In an informational session with American University Associate Librarian Alex Hodges, I gained key information for my research. He recommended me three databases: Washington Post Historical, American History and Life and ATLA. I found the majority of my resources in those three databases. Even though I new the importance of them I did not began my research with them, it was necessary for me to contextualize myself with rhetorical analysis works before beginning with research that had to do with the history of my commonplace.

I began studying  Lloyd Bitzer one of the greatest American rhetorician of all time,  I used  his work “The Rhetorical Situation” an essay he wrote to explain how context affects the rhetorical discourse of speakers or writers.  This information was necessary to appear in my research, to a great extent I was dealing with information written in different time spaces.Taking this into consideration I needed another source that helped me manage how to treat the rhetoric behind history. So I choose “The Rhetoric of History” by Donald N. McCloskey this research helped me in the development of an argument that needed to contribute with the great amount of persuasion that appears in historical writing. Taking into account the vast majority of my sources were historical I had to have lenses to understand the rhetorics used behind them.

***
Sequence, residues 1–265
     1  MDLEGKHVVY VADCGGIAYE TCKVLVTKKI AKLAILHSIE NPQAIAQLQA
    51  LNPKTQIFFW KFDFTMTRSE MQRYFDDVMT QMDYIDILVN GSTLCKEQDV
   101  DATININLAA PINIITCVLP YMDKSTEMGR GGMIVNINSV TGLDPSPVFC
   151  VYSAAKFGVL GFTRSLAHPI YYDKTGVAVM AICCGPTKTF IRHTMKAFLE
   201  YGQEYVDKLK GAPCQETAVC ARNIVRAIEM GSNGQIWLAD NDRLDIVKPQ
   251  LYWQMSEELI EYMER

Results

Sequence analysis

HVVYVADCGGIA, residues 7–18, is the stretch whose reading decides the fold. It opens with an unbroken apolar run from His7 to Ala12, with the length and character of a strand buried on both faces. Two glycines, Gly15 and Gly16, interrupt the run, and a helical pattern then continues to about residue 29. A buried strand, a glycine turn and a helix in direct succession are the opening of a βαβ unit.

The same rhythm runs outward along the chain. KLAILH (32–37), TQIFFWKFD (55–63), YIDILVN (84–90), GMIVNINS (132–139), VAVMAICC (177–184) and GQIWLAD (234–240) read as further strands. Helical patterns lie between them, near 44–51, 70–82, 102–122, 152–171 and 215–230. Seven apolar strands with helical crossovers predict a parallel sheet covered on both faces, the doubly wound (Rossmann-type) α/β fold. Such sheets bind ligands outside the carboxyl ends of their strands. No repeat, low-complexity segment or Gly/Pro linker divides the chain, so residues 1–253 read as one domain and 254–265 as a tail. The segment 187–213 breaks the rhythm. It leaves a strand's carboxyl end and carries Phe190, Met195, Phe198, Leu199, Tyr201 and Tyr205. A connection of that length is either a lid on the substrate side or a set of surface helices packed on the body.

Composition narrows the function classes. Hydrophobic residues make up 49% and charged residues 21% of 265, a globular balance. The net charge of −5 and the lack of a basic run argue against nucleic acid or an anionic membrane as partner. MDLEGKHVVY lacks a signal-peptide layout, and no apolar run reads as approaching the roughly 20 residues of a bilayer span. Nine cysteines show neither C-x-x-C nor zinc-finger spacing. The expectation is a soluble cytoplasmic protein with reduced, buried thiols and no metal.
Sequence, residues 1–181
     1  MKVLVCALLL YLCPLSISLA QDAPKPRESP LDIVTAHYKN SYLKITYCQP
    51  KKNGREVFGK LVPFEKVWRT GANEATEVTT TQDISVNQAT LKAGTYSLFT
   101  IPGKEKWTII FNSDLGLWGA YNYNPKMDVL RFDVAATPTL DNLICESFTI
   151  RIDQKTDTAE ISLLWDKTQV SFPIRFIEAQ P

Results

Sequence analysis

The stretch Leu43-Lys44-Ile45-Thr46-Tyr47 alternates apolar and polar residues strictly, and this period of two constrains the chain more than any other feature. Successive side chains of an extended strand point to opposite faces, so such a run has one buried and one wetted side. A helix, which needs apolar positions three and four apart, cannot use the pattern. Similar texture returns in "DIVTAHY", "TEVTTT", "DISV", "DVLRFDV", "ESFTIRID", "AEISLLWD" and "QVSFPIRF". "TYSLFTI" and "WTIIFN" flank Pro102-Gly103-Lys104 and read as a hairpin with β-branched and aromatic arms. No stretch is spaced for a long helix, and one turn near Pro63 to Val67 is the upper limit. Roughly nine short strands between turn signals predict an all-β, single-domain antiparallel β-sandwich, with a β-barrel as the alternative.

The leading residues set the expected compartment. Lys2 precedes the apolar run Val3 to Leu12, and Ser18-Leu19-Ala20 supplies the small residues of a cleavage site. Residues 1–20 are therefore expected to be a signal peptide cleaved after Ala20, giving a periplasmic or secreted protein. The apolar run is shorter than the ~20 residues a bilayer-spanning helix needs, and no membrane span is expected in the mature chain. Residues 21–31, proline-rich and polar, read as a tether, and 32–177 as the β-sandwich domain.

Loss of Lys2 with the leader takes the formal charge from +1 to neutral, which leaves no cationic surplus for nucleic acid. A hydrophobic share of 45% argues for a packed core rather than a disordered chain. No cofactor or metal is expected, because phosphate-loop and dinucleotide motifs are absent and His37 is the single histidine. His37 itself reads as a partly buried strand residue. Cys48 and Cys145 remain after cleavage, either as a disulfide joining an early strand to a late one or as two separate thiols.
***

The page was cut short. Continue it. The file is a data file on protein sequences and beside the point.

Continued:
The Washington Post Historical database provided me with the majority of the sources I used in my research in total four, all of them talked about different events at Potter`s House in different time periods. Reconstructing the history of Potter’s House with only news articles would not have been possible. ATLA database contributed with first hand information about The Church of The Saviour, including an interview with Reverend Cosby. The only missing link in my research was the use of detailed information in the social transformation of Adams Morgan, American History and Life helped me in that regard.

To show my final project and deliver all the knowledge I gained from this course I choose Instagram to be my platform to present the information. It was not the first option I tried, I began doing a Prezi but found out the majority of my classmates were planning to use it, I wanted something unique that will stand out from the crowd. I remember Professor Hoskins saying many times that if we were going to fail we should “fail spectacularly.” I finished my Instagram and included maps, photos and descriptions about Potter’s House history and role in the Adams Morgan community. I promise I did not failed to deliver, I invite you to discover something unique and inspiring by following the link to the Instagram below.